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Global Samaritans? Donor Election Cycles and the Allocation of Humanitarian Aid

Kurt Annen and Scott Strickland ()
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Scott Strickland: Ministry of Community and Social Services, Government of Ontario

No 1607, Working Papers from University of Guelph, Department of Economics and Finance

Abstract: This paper finds a large causal donor election cycle effect in humanitarian aid allocations: On average, humanitarian aid increases by 54% in the year before elections. Our identifcation strategy consists of focusing on donors with fixed election dates, making elections clearly exogenous. Furthermore, we find large interaction effects with natural and human disasters. This evidence is consistent with our theory that incumbent governments responding to humanitarian disasters can increase voter support for their party and insure against the political fall-out of not being seen as representatives of a country with global interests and influence. However, it is important to stress that despite our findings, human and natural disasters explain a substantially larger share of the overall variation in humanitarian aid observed in the data.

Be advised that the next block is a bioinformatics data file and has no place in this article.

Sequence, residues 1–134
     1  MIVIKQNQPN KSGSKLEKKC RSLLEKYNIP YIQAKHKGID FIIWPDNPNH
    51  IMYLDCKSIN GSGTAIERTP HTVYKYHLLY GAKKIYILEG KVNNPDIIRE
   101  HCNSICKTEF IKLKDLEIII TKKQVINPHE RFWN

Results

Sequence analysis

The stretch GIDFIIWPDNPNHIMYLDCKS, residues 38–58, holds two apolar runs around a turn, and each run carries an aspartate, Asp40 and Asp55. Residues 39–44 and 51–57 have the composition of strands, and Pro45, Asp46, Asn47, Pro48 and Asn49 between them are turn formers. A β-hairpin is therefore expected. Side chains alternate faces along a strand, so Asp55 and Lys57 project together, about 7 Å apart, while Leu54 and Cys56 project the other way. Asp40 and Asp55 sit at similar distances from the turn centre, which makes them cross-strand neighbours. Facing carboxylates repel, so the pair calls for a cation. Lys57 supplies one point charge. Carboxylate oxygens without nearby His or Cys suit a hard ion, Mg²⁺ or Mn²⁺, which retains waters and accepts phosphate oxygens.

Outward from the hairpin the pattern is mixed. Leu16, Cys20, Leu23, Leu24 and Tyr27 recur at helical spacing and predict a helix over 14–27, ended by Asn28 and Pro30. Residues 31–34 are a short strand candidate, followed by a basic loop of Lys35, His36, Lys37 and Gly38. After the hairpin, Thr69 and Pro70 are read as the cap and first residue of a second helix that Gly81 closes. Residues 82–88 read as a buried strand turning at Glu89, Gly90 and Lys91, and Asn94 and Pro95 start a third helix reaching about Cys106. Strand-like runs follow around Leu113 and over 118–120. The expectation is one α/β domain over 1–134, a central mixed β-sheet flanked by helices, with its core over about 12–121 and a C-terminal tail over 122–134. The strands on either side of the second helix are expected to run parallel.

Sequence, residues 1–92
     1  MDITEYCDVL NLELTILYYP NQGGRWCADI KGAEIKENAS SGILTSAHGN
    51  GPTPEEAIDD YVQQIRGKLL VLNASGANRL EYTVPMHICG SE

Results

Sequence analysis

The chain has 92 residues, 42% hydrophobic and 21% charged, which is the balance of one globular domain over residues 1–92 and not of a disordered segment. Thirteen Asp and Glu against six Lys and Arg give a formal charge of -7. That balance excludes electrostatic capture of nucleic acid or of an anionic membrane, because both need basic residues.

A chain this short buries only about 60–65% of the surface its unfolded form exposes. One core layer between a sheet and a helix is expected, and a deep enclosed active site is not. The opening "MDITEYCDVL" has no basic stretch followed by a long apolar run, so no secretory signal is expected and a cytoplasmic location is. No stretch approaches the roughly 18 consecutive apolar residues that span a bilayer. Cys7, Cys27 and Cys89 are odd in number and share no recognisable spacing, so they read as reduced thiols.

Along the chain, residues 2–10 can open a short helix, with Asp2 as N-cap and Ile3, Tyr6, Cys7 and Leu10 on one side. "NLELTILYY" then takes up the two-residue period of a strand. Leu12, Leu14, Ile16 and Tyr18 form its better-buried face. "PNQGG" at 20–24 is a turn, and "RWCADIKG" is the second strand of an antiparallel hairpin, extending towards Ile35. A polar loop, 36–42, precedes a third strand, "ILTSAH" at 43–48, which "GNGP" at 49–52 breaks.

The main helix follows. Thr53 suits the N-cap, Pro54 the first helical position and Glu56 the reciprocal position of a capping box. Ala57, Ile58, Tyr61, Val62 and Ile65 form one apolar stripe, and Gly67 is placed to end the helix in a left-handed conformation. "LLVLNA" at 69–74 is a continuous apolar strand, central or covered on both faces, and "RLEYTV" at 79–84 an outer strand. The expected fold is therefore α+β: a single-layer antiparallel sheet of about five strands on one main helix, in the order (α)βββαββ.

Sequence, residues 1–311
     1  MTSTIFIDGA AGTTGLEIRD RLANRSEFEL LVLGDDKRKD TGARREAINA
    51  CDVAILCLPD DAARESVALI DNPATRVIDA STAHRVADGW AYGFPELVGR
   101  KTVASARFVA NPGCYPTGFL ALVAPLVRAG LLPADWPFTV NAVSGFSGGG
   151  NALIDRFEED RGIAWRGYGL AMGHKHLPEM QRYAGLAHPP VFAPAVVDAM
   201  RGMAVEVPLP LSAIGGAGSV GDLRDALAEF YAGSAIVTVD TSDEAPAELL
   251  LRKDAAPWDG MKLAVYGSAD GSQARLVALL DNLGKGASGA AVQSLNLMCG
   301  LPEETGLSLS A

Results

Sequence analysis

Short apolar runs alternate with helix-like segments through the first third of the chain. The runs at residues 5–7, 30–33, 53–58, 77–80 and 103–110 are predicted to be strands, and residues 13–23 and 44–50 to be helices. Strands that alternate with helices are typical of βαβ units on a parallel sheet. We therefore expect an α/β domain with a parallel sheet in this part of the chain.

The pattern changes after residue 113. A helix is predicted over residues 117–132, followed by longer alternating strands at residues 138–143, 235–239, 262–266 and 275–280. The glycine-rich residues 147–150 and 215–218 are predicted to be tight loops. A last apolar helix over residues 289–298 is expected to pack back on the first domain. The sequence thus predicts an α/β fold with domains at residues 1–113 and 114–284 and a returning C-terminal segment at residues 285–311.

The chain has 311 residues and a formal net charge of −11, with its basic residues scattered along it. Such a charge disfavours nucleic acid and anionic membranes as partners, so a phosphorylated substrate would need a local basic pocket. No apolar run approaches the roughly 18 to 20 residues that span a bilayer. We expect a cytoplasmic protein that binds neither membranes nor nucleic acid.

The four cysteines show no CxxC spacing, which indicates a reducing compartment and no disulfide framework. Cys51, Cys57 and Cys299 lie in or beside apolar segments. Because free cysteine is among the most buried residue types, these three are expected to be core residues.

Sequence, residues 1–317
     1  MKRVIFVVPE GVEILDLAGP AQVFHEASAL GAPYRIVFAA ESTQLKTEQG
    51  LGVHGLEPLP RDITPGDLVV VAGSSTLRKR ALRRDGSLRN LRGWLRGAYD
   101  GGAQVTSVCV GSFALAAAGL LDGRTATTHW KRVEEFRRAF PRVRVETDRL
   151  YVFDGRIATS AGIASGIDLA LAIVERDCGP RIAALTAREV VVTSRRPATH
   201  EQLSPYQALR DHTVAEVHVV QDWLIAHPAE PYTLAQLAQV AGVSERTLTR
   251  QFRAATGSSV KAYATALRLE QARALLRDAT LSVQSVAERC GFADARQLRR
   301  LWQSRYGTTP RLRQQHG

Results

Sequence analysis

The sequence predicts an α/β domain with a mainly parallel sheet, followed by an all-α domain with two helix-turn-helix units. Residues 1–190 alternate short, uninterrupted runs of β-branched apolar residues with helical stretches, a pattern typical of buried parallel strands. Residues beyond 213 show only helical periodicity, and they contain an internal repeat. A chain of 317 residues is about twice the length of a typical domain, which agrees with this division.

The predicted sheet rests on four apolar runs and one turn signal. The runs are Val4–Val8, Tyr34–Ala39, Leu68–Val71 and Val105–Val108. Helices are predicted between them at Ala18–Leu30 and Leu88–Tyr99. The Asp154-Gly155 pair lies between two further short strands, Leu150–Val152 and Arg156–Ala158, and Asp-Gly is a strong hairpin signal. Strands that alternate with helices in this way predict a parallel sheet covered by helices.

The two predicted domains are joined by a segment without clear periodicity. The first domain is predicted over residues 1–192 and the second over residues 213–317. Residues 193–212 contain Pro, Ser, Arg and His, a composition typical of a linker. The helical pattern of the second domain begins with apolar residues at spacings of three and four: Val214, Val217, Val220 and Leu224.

Keywords: Humanitarian aid; election cycles; aid allocation (search for similar items in EconPapers)
JEL-codes: D72 F35 H5 O19 (search for similar items in EconPapers)
Pages: 25 pages
Date: 2016
New Economics Papers: this item is included in nep-cdm, nep-dev and nep-pol
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Journal Article: Global samaritans? Donor election cycles and the allocation of humanitarian aid (2017) Downloads
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